We’re seeing a big resurgence in this idea of B2B brand experience. During field research, I’ve been discussing that double focus of brand and demand, or short-term sales focused activities supported and amplified by effective brand building and customer experience marketing.

B2B marketers have become so preoccupied with converting demand, that we’ve forgotten all about creating it. For example, it’s easy to jump straight to an idea like a content format, golden nugget, or silver bullet, without thinking through the topic itself. For podcasts and webinars, the subject matter is the real hook. It’s less about the content format and more about the content topic.


How can you refine content creation and build that into a journey that has more emotional connection?

I think it’s an evolution, not a revolution. The change might be uncomfortable for marketing teams that have become too fixated on conversion. Especially since that may be the main objective for the wider business too.

Brand and demand need to work synergistically together. Marketing teams are realising that they can’t afford to overlook the significance of brand experience. With the world changing, going back to brand and purpose, sustainability, ethics and equality is really important. This is something that wouldn’t have been on the agenda for B2B brands even five years ago, but that recognition is starting to dawn.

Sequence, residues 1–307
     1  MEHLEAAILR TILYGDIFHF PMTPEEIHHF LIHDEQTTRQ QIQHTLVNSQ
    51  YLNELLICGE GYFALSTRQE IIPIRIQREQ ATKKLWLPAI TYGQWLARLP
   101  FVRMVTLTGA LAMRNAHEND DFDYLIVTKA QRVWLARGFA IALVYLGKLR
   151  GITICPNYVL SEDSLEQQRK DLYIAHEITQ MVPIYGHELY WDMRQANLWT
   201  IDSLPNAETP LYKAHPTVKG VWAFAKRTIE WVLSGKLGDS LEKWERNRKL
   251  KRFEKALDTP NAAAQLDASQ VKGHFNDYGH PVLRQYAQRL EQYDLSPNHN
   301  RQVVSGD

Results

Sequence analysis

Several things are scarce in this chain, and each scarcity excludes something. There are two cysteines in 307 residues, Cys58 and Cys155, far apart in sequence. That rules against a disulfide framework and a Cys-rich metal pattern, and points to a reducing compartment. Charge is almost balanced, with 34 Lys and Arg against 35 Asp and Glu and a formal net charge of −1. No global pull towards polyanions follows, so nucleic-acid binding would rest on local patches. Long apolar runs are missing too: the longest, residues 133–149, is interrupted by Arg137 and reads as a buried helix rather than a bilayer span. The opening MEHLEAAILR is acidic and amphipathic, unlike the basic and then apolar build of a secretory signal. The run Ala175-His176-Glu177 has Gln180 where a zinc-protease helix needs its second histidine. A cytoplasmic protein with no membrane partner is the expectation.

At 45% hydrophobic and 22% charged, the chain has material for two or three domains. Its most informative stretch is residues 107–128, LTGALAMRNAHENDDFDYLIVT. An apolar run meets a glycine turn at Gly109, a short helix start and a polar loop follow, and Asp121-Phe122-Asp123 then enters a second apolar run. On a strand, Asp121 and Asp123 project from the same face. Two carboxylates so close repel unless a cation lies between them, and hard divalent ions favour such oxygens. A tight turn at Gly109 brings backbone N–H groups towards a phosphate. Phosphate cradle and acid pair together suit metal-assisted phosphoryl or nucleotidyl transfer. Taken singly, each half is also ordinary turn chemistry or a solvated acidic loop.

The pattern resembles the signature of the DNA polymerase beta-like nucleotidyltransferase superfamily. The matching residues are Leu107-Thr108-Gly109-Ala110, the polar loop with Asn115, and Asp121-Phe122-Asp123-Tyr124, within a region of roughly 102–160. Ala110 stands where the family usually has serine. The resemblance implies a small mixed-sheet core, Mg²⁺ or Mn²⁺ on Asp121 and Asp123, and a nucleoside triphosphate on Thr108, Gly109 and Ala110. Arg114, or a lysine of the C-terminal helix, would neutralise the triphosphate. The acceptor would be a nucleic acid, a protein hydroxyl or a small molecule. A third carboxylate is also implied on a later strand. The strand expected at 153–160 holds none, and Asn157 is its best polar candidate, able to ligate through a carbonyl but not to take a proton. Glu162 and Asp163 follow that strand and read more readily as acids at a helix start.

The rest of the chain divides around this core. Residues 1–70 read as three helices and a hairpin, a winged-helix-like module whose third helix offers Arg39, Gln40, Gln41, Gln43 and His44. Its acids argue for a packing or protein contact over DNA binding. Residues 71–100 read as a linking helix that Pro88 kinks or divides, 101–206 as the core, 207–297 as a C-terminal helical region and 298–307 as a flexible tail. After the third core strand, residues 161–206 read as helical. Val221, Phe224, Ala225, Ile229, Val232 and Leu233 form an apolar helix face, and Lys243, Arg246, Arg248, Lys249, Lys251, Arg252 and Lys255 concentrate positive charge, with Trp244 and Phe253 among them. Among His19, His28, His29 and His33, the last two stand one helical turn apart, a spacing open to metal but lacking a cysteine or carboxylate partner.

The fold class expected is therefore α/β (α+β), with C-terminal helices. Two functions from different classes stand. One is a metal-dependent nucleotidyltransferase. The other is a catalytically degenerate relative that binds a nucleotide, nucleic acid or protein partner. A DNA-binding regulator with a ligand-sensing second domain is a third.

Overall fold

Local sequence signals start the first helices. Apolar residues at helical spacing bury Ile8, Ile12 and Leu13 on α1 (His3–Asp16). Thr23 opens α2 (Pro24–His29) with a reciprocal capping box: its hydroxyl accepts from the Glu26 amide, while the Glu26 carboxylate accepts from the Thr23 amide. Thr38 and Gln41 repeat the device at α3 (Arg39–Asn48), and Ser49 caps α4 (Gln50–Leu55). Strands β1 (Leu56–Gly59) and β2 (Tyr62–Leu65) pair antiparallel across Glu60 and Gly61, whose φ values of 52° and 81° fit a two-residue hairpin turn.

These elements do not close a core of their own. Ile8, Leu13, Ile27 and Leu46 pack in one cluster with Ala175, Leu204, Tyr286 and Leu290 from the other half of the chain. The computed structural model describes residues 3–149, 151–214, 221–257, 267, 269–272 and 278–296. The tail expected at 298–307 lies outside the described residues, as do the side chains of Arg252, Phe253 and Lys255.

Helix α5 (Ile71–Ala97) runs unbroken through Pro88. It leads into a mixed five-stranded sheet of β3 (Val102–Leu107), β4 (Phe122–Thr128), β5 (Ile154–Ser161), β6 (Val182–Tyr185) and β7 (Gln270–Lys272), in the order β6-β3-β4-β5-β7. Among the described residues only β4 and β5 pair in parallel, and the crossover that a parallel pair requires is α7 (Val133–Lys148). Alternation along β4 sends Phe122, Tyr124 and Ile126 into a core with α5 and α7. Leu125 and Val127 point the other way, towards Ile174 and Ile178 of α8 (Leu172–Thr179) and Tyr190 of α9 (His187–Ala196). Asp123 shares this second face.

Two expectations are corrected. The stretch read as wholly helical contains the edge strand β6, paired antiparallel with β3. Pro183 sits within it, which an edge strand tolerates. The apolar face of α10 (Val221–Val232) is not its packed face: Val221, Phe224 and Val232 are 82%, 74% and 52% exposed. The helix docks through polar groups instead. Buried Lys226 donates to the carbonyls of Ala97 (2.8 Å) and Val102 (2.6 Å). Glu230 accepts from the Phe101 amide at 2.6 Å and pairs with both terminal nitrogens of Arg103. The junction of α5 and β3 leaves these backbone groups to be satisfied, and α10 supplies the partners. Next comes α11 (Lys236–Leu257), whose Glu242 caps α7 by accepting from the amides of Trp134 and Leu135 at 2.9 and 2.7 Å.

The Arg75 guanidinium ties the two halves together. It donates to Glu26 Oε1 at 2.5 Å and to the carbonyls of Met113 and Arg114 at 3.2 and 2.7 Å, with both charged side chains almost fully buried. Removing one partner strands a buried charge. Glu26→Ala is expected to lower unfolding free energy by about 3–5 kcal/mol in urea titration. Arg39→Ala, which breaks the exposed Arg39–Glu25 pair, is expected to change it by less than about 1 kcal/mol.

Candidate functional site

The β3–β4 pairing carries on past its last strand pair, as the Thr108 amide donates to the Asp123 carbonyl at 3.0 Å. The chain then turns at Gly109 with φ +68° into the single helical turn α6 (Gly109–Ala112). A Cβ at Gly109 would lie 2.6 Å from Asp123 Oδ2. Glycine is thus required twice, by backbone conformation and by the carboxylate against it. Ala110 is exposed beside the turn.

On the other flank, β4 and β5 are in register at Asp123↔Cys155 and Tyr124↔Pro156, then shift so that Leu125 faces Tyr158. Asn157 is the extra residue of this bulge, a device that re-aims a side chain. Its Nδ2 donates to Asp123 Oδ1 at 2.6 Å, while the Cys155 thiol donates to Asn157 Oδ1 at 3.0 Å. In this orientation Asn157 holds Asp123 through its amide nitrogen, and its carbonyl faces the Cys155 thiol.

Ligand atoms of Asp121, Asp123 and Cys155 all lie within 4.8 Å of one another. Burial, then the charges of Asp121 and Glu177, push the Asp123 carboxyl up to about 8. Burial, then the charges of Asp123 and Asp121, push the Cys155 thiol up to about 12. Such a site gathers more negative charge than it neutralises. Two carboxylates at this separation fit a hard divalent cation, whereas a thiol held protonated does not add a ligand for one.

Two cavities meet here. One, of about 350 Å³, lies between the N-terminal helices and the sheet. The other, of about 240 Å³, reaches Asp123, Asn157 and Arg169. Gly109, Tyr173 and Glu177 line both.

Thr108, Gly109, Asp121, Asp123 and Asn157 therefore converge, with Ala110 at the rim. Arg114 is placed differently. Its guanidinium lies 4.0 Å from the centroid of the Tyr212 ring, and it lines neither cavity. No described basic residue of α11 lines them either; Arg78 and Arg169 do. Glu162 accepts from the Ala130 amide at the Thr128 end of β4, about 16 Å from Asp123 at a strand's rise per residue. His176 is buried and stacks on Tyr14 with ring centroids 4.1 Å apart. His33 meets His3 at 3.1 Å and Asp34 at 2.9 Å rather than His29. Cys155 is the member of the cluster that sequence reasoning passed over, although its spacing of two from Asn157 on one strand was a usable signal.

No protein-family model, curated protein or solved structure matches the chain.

How do you help clients navigate away from transactional marketing?

Talking to clients about the dark funnel has actually been quite an enlightening process. When we present them with data that substantiates the shifts in the marketplace, it’s often a wake-up call. Once they’ve bought into the idea that change is needed, the onus is on figuring out the best steps to make that change happen.

Fundamentally, this is about building better content that continues to be readily available to buyers. This flavour of content marketing serves to ‘help and not to hype’, it is focused on the needs of the buyers rather than the needs of the brands or marketing teams.


Do you think there is a change coming in terms of the ways we measure success?

We do need to start measuring things differently. Despite marketers being trapped in the dark funnel, customers are continuing to go through the buying journey so there’s still plenty to measure and capture. We just need to place an importance on different things.

It will help to take a step back and start thinking of marketing as a magnet rather than a cattle prod. We can use emotional insight and motivational drivers to figure out the content and processes that speak to the buyers.


What’s your advice for how brands can swing the pendulum inside their own organisations?

Start small with a pilot or proof of concept. It’s going to be reasonably difficult to persuade people away from their perception of how marketing works. A critical launch point is understanding the areas of engagement and influence for your audience.

The trick is to go beyond the persona development that we’ve been focused on for years to really get to grips with every aspect of your customer:

  • What do they engage with?
  • Where do they go for information?
  • Who do they trust and listen to?

Then you’ll need to ask yourself: how can our brand start to become more available to our audiences in the right places and in the right ways.